The liquid A, the weight of which is being measured, may now be added to the beaker 30 to fill the beaker 300 up to the graduation 301. The DC voltage V now generated across the reference resistor 24 is propor tional to the sum of the weight of the liquid A, the beaker 300 and any drift error. Upon receipt of a pulse T the integrator 30 generates a time interval proportional to the total voltage V. The comparator 47, however, only generates a pulse T when the count of the counter 32 equals the count stored in the latch 46. Since the count stored in the latch 46 represents that part of the time interval due to drift voltage and the weight of the beaker 300, the subsequent count of the display counter of CLK pulses generated after the time of the pulse T represents only that part of the voltage V proportional to the weight of the liquid A. Thus, the count transferred into the latch 34 by the pulse T, and displayed by the display means 36 only indicates the net weight of the liquid A.

Should it now be desired to add a second liquid B to the beaker 30 up to the graduation 302 and measure the weight of this liquid B, the abovedescribed procedure may be repeated. First, all tare is deducted by closing the switch 44 through one measuring cycle. In that way, the count represented as the weight of liquid A, the weight of the beaker 300 and the zero drift voltage may be stored in the comparator latch 36. The liquid B then may be added to the beaker 300 and the display means 36 thereafter reads out the net weight of the liquid B added.

Thus, there has been provided improved measuring apparatus of the type capable of converting an analog signal, such as weight and current, into an analog voltage signal and then converting the voltage signal into digital information. Further, the apparatus is capable of deducting the value of selected prior output signals which have been measured or sensed from subsequent digital readouts. It is noted, within the spirit of the present invention, that the apparatus may be used, as described, to provide a tare deducting digital balance, or may be adapted for use as a digital voltmeter which may be simply and accurately zeroed at any selected instant, or further may be adapted for use with various detector means which detect analog signals and convert them into voltage signals.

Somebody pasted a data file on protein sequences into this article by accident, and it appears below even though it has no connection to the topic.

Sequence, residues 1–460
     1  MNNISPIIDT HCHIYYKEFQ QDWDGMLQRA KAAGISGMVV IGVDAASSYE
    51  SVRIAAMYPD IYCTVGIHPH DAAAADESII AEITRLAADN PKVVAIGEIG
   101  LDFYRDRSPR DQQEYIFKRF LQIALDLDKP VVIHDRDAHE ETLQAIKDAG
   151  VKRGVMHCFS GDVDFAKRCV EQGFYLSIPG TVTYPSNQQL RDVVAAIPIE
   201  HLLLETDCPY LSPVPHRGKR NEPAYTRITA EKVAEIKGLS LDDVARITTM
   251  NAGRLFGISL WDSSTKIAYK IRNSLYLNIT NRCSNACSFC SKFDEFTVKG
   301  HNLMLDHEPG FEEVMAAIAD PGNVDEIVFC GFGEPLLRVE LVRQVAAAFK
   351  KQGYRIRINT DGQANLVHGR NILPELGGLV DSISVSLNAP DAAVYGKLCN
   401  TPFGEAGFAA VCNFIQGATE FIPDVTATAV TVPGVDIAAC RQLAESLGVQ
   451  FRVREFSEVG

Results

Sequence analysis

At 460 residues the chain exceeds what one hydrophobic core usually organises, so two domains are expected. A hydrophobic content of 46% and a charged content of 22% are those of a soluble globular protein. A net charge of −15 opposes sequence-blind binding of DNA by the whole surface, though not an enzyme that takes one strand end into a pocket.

It is therefore to be understood that the foregoing description of a preferred embodiment of the present invention only, and it will be apparent to those skilled in the art that various changes and modifications may be made therein without departing from the invention.

What is claimed is:

ll. In analog-to-digital measuring apparatus for measuring the value of each of a series of electrical signals having clock means generating a series of uniformly spaced timing pulses, first counter means connected to said clock means for periodically counting the timing pulses from zero to a predetermined count, the first counter means being operable to generate a first pulse at the commencement of each of its count cycles, and integration means responsive to the first pulse in each cycle to integrate with respect to time the magnitude of an electrical signal applied thereto, said integration means being operative to generate a second pulse a predetermined time interval after the generation of the first pulse where-in the time interval is proportional to the magnitude of each electrical signal to be measured, the combination therewith of first storage means selectively operative in response to receiving the second pulse in each cycle from the integrator means to read in and store the count on said first counter means at the instant the second pulse is generated;

comparator means connected to the first counter means and said first storage means for comparing the count on the first counter means with the count stored in said first storage means, said comparator means being operative to generate a third pulse whenever the count on the first counter means equals the count stored in said first storage means; second counter means being reset to zero in response to the generation of a first pulse and for counting only in response to a third pulse the additional counts in a next cycle of the integrated value of an electrical signal in excess of the value of a preceding signal measured by said integration means, and

second storage means responsive to the second pulse in each cycle for reading in and storing the count on said second counter means at the instant the second pulse is generated.

2. The invention recited in claim 1, including display means connected to said second storage means for displaying the count stored in said second storage means in each cycle.

3. The invention recited in claim 1, including: